Sunday, May 31, 2015

Stories That Move

We are only scratching the surface of how the mind works. We know that being human gives us incredible imaginations and our storytelling ability, along with our ability to believe, gives us magical superpowers. We can hop the gaps between what we know.

This 'fuzzy power' comes with a whole lot of warnings. These 'Cognitive Biases' can be looked at as mistakes, or our brains and emotions not working properly. They can also be used to help us when we understand them. I spoke of the magical properties of stories to help us remember things. Rory Daly responded, 'You have a great point here. But, this same cognitive process that makes stories memorable, is also behind people picking up and repeating stuff that is purely anecdotal... So many unsubstantiated ideas dressed as truth...'

This is known as 'Availability Bias'. It is the tendency to overestimate the likelihood of events if we are able to remember them easily. If you struggle to remember something, you think it is unusual. But we remember things that are violent, sexy, funny or memorable in some way. Emotionally charged things are memorable. Stuff that happened recently are memorable. These are the stories that are then 'Available' when we think. Boring facts slip away.

If a story is particularly powerful, it is likely to affect the way we think. Someone who is mugged ,or who knows someone who is mugged, will think the whole country in which they live is more dangerous than someone who isn't able to feel the danger as palpably. Someone who has a racist interaction with one person may be more likely to have a negative emotional response the next time they think of that 'group of people'. This bears limited connection to the whole group. We can respond excessively to the crazies because they make more noise and make us more angry. More broadly the power of stories to help us can also hold us back.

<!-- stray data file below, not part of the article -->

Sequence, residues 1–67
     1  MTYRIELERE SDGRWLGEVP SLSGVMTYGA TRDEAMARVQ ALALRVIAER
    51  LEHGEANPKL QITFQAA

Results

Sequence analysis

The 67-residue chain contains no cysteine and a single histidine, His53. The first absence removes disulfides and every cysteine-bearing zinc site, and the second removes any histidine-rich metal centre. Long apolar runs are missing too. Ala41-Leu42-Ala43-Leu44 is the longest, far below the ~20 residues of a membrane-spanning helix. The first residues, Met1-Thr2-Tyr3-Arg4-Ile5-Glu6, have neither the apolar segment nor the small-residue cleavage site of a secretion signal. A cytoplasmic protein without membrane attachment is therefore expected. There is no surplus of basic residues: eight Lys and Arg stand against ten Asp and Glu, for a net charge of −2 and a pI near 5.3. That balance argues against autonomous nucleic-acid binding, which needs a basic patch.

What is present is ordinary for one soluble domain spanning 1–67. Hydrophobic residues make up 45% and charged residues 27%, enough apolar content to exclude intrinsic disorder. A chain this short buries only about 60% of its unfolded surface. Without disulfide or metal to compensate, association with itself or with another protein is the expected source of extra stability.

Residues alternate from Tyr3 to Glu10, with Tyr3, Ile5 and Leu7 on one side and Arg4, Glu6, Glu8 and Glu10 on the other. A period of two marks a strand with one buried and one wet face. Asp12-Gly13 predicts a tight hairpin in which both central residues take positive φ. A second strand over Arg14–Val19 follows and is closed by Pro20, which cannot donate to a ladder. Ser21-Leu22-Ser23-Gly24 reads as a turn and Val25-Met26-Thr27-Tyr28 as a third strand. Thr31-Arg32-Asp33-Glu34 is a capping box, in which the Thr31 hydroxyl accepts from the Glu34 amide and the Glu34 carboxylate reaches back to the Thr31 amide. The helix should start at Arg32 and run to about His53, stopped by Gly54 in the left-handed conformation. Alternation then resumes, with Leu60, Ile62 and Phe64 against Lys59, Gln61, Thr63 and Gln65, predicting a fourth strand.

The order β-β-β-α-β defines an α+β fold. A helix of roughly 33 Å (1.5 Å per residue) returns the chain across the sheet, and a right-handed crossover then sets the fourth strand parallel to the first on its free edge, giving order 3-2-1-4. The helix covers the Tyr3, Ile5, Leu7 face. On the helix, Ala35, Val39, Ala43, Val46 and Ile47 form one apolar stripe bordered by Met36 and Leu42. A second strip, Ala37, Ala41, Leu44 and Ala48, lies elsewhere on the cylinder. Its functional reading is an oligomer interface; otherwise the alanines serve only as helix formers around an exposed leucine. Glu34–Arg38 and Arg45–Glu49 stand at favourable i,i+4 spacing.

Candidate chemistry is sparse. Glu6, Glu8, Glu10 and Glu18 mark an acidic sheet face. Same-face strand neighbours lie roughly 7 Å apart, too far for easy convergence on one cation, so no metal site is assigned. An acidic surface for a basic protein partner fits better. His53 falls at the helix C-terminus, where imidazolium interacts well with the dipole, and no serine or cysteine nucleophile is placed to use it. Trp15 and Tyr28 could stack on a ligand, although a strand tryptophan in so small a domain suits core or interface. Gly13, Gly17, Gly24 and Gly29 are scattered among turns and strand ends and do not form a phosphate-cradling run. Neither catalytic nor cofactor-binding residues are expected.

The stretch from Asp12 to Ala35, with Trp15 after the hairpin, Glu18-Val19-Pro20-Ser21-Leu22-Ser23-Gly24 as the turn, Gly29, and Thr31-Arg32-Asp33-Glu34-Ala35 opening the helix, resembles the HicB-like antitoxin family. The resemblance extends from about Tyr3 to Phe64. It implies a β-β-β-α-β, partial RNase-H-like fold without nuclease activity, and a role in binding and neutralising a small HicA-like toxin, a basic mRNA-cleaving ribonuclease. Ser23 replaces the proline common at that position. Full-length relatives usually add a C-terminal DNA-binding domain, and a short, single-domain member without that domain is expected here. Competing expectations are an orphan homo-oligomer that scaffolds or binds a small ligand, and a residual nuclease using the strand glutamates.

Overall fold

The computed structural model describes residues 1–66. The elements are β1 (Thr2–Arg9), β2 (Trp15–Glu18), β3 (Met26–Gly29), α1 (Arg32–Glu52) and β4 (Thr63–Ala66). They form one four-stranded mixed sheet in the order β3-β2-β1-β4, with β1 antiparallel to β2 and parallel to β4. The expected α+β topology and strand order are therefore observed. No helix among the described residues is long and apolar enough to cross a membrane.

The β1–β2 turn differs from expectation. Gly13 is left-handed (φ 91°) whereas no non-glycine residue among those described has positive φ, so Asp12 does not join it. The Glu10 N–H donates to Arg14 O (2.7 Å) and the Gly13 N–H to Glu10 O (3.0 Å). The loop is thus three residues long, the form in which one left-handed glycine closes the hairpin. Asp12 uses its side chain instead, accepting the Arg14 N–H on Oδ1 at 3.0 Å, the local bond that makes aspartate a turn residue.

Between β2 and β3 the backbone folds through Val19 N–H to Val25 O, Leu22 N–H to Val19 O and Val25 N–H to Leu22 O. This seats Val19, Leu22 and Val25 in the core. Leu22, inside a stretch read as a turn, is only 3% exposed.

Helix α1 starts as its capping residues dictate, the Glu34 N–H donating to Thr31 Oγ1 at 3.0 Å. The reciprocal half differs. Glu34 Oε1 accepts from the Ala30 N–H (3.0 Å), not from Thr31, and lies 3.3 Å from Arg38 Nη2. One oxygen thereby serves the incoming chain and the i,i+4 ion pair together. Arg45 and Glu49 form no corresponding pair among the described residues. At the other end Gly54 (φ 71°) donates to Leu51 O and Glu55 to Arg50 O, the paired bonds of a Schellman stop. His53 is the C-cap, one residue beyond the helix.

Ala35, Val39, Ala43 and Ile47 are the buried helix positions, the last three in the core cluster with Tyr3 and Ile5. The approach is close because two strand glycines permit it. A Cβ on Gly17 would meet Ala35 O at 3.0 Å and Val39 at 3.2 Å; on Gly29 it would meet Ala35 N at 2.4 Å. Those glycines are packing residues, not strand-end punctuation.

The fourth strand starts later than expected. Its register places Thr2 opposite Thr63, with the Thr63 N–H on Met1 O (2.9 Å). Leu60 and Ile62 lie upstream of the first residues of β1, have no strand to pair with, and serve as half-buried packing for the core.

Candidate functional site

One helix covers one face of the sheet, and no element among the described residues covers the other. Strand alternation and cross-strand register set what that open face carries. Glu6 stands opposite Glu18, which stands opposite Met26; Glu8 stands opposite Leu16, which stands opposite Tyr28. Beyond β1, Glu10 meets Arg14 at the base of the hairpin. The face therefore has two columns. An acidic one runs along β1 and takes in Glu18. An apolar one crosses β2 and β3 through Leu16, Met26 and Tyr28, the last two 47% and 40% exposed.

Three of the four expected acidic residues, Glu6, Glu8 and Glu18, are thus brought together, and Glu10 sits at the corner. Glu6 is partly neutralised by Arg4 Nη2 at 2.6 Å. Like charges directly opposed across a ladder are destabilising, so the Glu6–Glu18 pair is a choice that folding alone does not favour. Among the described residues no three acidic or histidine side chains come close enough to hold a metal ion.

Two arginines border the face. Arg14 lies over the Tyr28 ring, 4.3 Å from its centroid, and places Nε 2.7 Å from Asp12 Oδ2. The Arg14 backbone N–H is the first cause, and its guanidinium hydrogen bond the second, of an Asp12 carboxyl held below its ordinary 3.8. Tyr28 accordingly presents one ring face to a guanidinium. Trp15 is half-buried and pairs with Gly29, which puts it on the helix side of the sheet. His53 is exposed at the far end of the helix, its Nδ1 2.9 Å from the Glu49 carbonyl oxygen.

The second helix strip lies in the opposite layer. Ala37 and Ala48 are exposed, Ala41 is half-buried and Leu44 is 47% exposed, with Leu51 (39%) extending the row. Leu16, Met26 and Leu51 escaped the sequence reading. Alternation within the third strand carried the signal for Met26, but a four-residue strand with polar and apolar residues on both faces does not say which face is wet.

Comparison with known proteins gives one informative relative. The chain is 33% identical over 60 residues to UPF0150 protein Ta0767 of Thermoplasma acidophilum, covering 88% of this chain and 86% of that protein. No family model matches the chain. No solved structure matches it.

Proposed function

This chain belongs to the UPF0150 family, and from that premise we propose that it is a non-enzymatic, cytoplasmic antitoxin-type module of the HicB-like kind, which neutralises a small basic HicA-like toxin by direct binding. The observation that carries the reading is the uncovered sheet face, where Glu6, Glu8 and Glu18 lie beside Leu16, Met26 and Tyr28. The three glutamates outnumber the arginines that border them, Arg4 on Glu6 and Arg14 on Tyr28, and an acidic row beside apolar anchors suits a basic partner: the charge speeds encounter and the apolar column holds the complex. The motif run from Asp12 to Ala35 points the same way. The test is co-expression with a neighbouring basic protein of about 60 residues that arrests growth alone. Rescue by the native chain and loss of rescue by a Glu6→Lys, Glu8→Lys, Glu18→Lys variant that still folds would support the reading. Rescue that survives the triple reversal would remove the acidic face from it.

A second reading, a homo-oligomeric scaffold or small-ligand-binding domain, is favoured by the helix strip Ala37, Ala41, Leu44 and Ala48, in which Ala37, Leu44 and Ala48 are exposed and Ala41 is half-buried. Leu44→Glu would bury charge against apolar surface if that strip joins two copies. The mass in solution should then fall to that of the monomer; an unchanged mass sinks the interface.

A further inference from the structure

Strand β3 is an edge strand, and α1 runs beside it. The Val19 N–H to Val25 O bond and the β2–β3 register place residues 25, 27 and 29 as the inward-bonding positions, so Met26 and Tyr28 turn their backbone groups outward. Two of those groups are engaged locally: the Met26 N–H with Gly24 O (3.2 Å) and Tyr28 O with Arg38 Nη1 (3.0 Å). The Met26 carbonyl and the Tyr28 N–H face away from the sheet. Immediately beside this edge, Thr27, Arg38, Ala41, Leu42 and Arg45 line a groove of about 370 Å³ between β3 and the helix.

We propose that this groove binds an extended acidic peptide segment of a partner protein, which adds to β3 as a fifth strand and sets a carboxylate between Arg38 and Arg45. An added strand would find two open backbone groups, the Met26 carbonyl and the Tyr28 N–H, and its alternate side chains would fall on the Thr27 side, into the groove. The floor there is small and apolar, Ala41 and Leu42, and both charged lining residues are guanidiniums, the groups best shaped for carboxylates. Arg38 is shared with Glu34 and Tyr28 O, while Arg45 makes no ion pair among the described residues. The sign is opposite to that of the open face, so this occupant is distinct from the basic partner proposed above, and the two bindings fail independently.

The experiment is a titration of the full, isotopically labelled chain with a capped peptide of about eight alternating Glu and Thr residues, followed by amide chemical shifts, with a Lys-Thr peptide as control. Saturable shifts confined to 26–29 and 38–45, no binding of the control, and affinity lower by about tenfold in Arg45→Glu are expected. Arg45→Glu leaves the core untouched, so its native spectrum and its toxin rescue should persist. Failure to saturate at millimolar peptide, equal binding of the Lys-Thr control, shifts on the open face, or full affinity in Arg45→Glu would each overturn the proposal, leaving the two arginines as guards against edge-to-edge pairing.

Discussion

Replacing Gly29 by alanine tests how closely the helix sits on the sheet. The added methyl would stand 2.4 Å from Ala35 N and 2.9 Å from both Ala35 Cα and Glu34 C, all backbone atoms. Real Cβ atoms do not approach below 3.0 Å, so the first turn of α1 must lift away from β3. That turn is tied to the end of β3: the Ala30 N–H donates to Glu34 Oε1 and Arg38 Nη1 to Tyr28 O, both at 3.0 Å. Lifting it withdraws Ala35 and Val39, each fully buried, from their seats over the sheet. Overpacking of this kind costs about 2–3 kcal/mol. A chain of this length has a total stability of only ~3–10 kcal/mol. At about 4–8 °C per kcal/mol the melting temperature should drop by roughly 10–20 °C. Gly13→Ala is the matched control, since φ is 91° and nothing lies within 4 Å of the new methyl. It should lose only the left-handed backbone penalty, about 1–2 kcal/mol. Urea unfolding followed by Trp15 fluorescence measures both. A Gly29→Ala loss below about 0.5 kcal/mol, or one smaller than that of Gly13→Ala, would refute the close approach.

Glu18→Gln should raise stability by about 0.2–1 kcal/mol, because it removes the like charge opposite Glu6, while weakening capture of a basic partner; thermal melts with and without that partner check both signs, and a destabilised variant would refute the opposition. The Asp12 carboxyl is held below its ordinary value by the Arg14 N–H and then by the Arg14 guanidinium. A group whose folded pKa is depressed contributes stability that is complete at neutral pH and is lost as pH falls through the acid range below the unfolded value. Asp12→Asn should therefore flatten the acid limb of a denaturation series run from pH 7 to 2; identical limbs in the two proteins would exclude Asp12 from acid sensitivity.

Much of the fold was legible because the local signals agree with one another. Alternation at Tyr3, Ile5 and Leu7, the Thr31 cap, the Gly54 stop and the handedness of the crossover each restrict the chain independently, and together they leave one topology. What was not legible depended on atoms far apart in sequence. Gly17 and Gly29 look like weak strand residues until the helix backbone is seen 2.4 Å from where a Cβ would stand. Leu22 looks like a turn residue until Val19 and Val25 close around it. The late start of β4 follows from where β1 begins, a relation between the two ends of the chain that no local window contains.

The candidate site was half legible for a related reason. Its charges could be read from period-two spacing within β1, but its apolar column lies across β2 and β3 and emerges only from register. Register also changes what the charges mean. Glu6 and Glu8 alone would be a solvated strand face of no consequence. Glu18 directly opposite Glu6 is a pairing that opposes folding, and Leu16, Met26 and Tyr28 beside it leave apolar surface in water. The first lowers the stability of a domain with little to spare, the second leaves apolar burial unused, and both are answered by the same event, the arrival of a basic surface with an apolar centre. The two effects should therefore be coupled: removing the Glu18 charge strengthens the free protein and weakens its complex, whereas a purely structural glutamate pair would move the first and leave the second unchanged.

The Dalai Lama sees the role of religion as storytelling of sorts. If science proves his beliefs wrong, he will change his beliefs. His beliefs help push him into experiences that he wouldn't get to if he waited for us to figure things out. In the same way as facts shouldn't get in the way of a good story, ideally, stories shouldn't get in the way of good facts.

Fortunately things like ethics, morals, laws, and facts can be separated from stories. We can enjoy the power of anecdotes, but we can step back and look at the bigger picture to tweak our stories when they need tweaking. Perhaps that is why some of the best stories were part of aural tradition where they were never written but rather told, or sung.

When shared over meals and fireplaces, stories can adjust themselves. They can introduce new characters. Characters can evolve. Each telling is important. The storyteller, where the story is told and who it is told to all matter. The best stories move with us, not against us.

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